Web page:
I’m not saying that wasn’t awesome in some ways.  Most of us would say that person got what he deserved.  Most of us would feel pretty good and satisfied with ourselves after that Craigslist post, but would Jesus see it that way?  Did Alex have to do that other stuff?  Would it be so crazy if he handed the guy the jacket, the purse, and the earrings, and then threw in his wallet?  That would really be crazy!  But Narcie, the guy held them up at knife point.  And I would answer, Jesus called all of us to do crazy things like that. Most of us would have a hard time walking that extra mile for a Roman enemy…..but if we did, wouldn’t that be a surprise for them.  Wouldn’t that maybe make the Roman question all of the times he’s “messed” with the Israelites?  If it happened over and over again, wouldn’t his heart grow bigger and bigger just like the Grinch’s in the Christmas cartoon.   Showing a mere glimmer of humility, kindness, and love when you’ve been wronged, will eventually break through to anybody’s hardened heart.  And isn’t there lots of reasons why somebody’s heart is hardened?  Prisoner turned President Nelson Mandela says this, “No one is born hating another person because of the color of his skin, or his background, or his religion. People must learn to hate, and if they can learn to hate, they can be taught to love, for love comes more naturally to the human heart than its opposite.”

Loving our enemies and praying for those who persecute us can lead to changes, most of all, in ourselves.  It’s uncanny.  Even when people lose loved ones in the most violent of crimes, they see the need to forgive.  Not just for the other people, but for themselves, to free themselves of the burden of hate and revenge.  I’m not at all saying that such a Christlike response is easy. Heck no.  It takes courage and deep determination. In Uganda, Angelina Atyam’s daughter was abducted in 1996. According to Divinity magazine (Winter 2010), rebel troops took her and 29 other girls from a Catholic boarding school. Angelina met weekly with the parents of the other girls to pray for their daughters’ release.

“I was confused, bitter and very deep in my heart I was thinking, ‘How do I avenge this?’” says Angelina. “Yet we continued to pray and call upon the [rebels] to release our children, protect them, bring them home and make peace again.”

One day, a priest was leading the group of parents in the Lord’s Prayer. When they got to the words “Forgive us our sins,” the parents suddenly stopped. They couldn’t say “as we forgive those who sin against us.” Realizing they were asking for the forgiveness of their sins yet were unable to forgive the rebels for stealing their children, the parents filed silently out of the church. It was simply too difficult. They couldn’t be Christlike enough to forgive the rebels’ sins.

The parents went home and began to examine themselves. And something amazing happened: By the next meeting, they started to pray to forgive the rebels. They also began sharing their story of forgiveness with others and became leaders in a national movement to secure the release of abducted children. After seven years of captivity, Angelina and her daughter were reunited.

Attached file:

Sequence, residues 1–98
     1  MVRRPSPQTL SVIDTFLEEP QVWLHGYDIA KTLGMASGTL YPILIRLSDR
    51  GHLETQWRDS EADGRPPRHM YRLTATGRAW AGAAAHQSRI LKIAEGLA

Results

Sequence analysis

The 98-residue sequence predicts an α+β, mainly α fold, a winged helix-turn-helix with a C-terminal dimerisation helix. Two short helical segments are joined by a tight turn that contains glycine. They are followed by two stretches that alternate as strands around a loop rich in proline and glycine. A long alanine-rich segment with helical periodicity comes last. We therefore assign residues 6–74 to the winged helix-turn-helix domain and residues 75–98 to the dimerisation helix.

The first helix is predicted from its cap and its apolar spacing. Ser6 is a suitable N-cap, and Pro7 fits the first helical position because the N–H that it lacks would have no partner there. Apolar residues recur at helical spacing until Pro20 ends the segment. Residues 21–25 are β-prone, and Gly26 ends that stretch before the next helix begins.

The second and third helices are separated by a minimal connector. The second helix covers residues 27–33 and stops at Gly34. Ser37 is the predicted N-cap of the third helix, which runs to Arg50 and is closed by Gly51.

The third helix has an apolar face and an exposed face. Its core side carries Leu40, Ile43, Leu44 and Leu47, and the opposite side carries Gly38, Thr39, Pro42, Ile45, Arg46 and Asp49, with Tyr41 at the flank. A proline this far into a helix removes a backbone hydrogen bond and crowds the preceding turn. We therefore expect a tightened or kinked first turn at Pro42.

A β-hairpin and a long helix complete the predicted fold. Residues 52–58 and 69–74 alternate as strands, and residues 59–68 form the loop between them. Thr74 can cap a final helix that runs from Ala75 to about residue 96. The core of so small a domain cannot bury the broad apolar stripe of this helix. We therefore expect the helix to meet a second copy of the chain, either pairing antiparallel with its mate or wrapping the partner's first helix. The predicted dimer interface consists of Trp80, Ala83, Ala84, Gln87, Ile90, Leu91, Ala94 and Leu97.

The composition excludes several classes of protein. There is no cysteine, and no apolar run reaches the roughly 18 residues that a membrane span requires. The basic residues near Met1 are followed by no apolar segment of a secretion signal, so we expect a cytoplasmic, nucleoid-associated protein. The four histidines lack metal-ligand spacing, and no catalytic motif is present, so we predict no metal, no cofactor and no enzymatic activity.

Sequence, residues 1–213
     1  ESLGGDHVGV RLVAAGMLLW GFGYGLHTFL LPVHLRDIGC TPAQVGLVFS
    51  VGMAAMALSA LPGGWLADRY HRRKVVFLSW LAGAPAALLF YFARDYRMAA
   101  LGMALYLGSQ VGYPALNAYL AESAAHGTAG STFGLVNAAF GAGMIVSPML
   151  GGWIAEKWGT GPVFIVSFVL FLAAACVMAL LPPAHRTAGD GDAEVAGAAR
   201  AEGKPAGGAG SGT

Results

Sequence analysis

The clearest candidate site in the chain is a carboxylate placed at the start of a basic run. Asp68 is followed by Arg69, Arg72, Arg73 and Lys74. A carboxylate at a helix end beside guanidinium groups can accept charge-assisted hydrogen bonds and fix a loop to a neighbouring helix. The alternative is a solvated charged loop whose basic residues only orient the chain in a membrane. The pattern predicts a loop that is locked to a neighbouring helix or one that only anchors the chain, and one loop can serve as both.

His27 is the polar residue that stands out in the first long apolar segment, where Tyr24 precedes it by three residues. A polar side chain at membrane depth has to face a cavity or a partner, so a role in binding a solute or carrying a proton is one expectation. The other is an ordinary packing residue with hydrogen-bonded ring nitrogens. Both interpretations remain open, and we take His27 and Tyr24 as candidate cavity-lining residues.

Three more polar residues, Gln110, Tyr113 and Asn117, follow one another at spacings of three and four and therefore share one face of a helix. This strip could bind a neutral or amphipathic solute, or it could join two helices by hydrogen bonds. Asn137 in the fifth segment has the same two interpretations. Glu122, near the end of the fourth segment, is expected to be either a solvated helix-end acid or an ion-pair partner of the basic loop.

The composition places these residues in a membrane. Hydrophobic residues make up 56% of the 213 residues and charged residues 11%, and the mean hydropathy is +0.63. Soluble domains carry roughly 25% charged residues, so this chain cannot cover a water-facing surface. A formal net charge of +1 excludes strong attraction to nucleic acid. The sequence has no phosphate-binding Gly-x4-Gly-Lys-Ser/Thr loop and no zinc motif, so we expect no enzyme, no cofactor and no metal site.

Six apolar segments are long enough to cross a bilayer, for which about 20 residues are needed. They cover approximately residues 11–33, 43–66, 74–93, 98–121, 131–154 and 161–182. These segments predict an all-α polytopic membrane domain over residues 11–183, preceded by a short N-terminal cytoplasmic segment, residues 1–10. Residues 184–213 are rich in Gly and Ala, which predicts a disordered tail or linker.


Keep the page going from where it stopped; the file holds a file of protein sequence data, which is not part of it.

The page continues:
In his book The Magnificent Defeat, Frederick Buechner, theologian, says, “The love for equals is a human thing — of friend for friend, brother for brother. It is to love what is loving and lovely. The world smiles.

“The love for the less fortunate is a beautiful thing — the love for those who suffer, for those who are poor, the sick, the failures, the unlovely. This is compassion, and it touches the heart of the world.

“The love for the more fortunate is a rare thing — to love those who succeed where we fail, to rejoice without envy with those who rejoice, the love of the poor for the rich, of the black man for the white man. The world is always bewildered by its saints.

“And then there is the love for the enemy — love for the one who does not love you but mocks, threatens, and inflicts pain. The tortured’s love for the torturer.

This is God’s love. It conquers the world.

We need to search each of our hearts and take these lessons very seriously because we are all guilty of making assumptions, demonizing the other, and of having our default be hatred and judgement because of fear and misunderstanding.  Jesus is very clear on this.  No excuses.  No explanations.  No rationalizations.  We are to love our enemies.  Our Rabbi Jesus wants our default, our resting state to be love and grace and we see this love most clearly on the cross.  The fact the Great God of the Universe came to live among us and we whipped, stripped, and persecuted him, should be grounds for him saying, “Beam me up, Scotty!  Get me out of here.”  Instead, he says, “Father, they do not know what they are doing.”  That is the biggest act of non-violence, that is the biggest love for enemies ever because we’ve all fallen short of the glory of God and sinned against our Rabbi Jesus, but he turns the other cheek and loves us anyway.  He loves us no matter what.  He died for us no matter what.  And for that, we say, THANKS BE TO GOD!

Yoda – Who’s Your Peter/Paul?